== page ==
Roger Bacon was born around 1214 in England, Ilchester, Somerset. Date of death 1292, Oxford, England. Roger Bacon is known as the Amazing Doctor (lat. Doctor Mirabilis) - an English philosopher and naturalist. In 1257 he entered the Franciscan order.
There is no direct evidence that could accurately indicate the time of Bacon's birth. The most probable date of his birth is considered to be 1214, although arguments have been put forward in favor of 1210 (Ch. Jourdain) and 1220 (D. Lindbergh).
Bacon was born in Ilchester, Somerset. Bacon's family was financially secure. In his notes, Bacon wrote that he could spend more than two thousand pounds on books, tables, instruments, and other things necessary for his scientific work. However, the support of Henry III in the fight against Simon de Montfort and the barons led the Bacon family to financial ruin and exile. In 1266, Bacon asked the brothers to send money, but Bacon's request was not answered. It is known that Bacon had brothers, one of whom was a scientist. Bacon was educated at Oxford and Paris Universities (M.A., 1241).
Until 1247 he taught at the University of Paris - lectured on Aristotle at the Faculty of Arts. (Aristotle 384/383-323 BC - the greatest ancient Greek thinker, logician, creator of the philosophical language).
During his stay in Paris, Bacon gained fame thanks to his disputes with the scholastics (a scholastic is a philosopher-adherent to scholasticism, a person who philosophizes scholastically, his thoughts are not built on life experience and do not follow from practice).
Bacon received his Ph.D. and earned the honorary title "doctor mirabilis".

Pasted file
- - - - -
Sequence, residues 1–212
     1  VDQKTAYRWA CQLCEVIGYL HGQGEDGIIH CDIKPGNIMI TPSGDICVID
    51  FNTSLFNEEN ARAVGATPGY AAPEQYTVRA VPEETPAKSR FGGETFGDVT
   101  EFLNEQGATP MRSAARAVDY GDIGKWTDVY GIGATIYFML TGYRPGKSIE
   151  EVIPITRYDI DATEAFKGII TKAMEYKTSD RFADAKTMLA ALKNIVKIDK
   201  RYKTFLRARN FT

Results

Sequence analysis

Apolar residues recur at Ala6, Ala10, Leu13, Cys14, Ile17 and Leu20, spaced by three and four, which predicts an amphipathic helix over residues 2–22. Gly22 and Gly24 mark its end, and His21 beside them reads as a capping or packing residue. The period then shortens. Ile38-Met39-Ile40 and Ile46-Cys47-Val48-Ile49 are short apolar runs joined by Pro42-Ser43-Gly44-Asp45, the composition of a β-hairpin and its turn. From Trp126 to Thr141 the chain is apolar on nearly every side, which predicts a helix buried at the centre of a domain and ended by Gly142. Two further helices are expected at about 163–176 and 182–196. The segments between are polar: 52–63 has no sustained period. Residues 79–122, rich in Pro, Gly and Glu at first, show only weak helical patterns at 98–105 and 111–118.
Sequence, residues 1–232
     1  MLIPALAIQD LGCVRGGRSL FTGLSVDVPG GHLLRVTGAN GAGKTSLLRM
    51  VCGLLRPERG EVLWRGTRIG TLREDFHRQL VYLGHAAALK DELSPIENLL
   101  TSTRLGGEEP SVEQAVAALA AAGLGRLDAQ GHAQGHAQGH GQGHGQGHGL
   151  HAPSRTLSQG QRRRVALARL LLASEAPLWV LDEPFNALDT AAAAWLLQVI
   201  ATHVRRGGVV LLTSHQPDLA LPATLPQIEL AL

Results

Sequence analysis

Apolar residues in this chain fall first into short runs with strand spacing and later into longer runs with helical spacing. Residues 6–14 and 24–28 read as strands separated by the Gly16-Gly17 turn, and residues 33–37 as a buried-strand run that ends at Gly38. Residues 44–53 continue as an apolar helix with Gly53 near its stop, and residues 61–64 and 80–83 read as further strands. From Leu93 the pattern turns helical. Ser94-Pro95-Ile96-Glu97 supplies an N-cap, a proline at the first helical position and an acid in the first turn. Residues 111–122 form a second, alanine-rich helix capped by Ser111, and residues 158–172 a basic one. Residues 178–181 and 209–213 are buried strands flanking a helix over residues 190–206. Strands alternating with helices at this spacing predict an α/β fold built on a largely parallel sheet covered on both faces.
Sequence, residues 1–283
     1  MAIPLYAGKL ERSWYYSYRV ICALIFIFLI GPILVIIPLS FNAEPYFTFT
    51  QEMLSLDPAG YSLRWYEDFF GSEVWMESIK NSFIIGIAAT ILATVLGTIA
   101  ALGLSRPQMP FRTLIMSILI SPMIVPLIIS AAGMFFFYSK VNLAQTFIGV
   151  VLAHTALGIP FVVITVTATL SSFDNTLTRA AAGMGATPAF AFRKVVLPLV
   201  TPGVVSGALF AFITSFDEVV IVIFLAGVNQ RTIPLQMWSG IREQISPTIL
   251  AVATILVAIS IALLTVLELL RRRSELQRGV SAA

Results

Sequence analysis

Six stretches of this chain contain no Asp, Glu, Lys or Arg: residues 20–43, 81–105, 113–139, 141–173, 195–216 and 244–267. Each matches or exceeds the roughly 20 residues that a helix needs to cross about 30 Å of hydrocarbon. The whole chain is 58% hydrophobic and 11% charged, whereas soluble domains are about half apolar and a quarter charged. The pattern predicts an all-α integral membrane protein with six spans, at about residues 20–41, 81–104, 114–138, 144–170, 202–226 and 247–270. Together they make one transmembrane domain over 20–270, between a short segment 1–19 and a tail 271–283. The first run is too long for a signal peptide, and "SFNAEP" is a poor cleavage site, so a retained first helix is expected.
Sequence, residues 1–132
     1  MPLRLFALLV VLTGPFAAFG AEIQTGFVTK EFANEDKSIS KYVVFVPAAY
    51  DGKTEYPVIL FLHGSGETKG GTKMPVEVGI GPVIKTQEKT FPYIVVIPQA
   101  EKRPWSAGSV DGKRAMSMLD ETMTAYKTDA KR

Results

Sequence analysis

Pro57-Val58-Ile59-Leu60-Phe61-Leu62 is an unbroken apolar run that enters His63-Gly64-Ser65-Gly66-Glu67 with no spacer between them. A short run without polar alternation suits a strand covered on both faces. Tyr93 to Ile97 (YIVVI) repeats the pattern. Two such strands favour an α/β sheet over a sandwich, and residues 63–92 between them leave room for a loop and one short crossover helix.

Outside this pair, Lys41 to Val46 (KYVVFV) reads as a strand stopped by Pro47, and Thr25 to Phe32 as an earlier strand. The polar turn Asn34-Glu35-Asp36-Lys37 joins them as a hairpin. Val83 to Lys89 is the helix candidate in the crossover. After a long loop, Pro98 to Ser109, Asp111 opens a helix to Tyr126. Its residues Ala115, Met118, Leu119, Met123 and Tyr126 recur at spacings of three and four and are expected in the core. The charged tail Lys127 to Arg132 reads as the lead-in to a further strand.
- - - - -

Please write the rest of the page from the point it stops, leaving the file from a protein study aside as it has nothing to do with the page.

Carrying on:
In 1250, Bacon returned to Oxford, where he taught at the university, in the same year Bacon joined the Franciscan order (Franciscans are a group of related mendicant Christian religious orders, mainly within the Catholic Church).
Bacon's fame quickly spread in Oxford. Bacon was suspected of being addicted to black magic and apostasy from the dogmas of the true church, this greatly undermined Bacon's reputation. Around 1257, the General of the Order of Bonaventure forbade Bacon's lectures at Oxford, ordered him to leave the city and gave him under the supervision of the order to the Franciscan monastery in Paris. It was only thanks to the patronage of Pope Clement IV, who took the throne in 1265, that Bacon was able to publish three large treatises: The Great Labor (Opus maius), The Lesser Labor (Opus minus, an addition to the Great) and The Third Labor ( Opus tertium, a summary of the ideas of the "Big"). As an appendix to Opus maius and Opus minus, a special treatise De multiplicatione specierum was also sent to Pope Clement IV, in which the natural philosophical views of Roger Bacon are reflected. However, the death of Pope Clement IV, which followed in 1267, buried Bacon's hopes for the implementation of his plans.
In 1268 Bacon received permission to return to Oxford, where he continued his studies in the sciences.
In the late 1260s, Bacon completed his Communia mathematica and Communia naturalium. The Compendium studii philosophie was completed around 1272. The first two treatises are a presentation and consideration of the most general and basic issues of mathematics and physics.
In 1278, for making sharp attacks on the ignorance and depravity of the clergy and monks, Bacon was accused of heresy and placed under house arrest (or in prison). Researchers agree that Bacon was arrested, but there is no exact data on the period of imprisonment. It is only known that in 1292 Bacon was at large, and worked on the composition of the Compendium studii theologie, which is known in fragments and was not completed. Around 1292 Roger Bacon died.